The water vole (Arvicola terrestris) is the largest and most famous of the British voles (5). 'Ratty' in Kenneth Grahame's Wind in the Willows was not a rat, but a water vole; water rat is a local name for the species (5). Water voles have a short hair-covered tail, a blunt, rounded nose, and a small chubby face with small ears. They have a rich chestnut-brown coat (2), but individuals in Scotland often have black fur. The fur traps air that provides thermal insulation when swimming, and they also possess flaps of skin in the ear that prevent water from entering (5).
Water voles are herbivores, feeding on a huge variety of waterside vegetation (2), and consume 80 percent of their body weight each day (5). Their burrow systems have several horizontal layers to guard against flooding (5), and there is usually an underwater entrance to provide this strong swimmer with a safe route in and out (2). Above-water entrances to the burrow can often be identified by a 'lawn' of cropped grass around the hole (2).
During the breeding season, the boundaries of female's ranges are marked with latrines, piles of flattened droppings where scent marking occurs. Each year between April and September, one to five litters consisting of three to seven blind, naked pups can be produced. Occasionally, dominant daughters may oust their mother from her territory after bouts of teeth chattering, tail beating and even boxing with the forefeet. In winter, a female, her daughters and unrelated males share a communal nest, but they do not hibernate(7).
The water vole is widely distributed throughout Europe from the UK to eastern Siberia (5). It is widespread throughout Britain but is generally restricted to lowland areas beside water (2). Once a very familiar mammal of the British countryside, the population has undergone one of the fastest and most serious recent declines of any British mammal (5). The species has been in decline for many decades (6), and a national survey in 1996 to 1998 showed that the water vole had been lost from a massive 94 percent of sites (5) and had vanished from entire catchments in northeast Scotland, North Yorkshire and Oxfordshire (5).
The shocking decline in both range and numbers of the water vole is due to a number of factors. The large-scale loss and fragmentation of sensitive waterside habitats due to riverbank modification, drainage and flood defence works has been an important factor (5), as has the pollution of waterways and poisoning by rodenticides (3). Perhaps the most serious threat facing the beleaguered water vole is predation by the introduced American mink (3). When threatened, water voles often dive under water and kick up a cloud of mud to hide from predators. This does not fool the American mink, however, which is able to successfully hunt the water vole on land, in the water and even inside the burrow system. There is a correlation between the loss of water vole sites and American mink presence (5), and the introduced mink has even resulted in local water vole extinctions (2).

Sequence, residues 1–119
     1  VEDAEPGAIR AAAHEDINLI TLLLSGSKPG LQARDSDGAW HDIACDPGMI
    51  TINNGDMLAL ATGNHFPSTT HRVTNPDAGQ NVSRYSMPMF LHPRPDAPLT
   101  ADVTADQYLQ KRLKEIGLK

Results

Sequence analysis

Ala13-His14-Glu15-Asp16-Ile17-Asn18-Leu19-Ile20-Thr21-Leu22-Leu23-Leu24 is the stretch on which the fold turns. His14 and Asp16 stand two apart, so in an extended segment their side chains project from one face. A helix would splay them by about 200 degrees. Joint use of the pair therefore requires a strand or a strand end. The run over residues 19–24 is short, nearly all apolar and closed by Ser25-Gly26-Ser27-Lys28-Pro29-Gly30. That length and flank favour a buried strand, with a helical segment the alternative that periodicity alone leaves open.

It is likely that the water vole will become extremely rare in areas colonised by American mink; the elimination of American mink is unrealistic, but numbers can be controlled in key areas in an attempt to ease the pressure on the water vole. Habitat enhancement such as the encouragement of a broad variety of waterside vegetation and recreation of natural features such as water meadows and oxbow lakes could benefit the species. Under the Wildlife and Countryside Act 1981, it is an offence to disturb, obstruct or damage water vole burrows. A booklet has been produced by English Nature, providing guidance on the water vole for planners and developers (8). Research into the ecology and habitat needs of this species is essential, as little work has been carried out on it due to its previously common status (3).
The UK Biodiversity Action Plan for this species is available at UK BAP.
A winter survival strategy characteristic of some mammals in which an animal's metabolic rate slows down and a state of deep sleep is attained. Whilst hibernating, animals survive on stored reserves of fat that they have accumulated in summer. In insects, the correct term for hibernation is 'diapause', a temporary pause in development and growth. Any stage of the lifecycle (eggs, larvae, pupae or adults) may enter diapause, which is typically associated with winter.
An area occupied and defended by an animal, a pair of animals or a colony.
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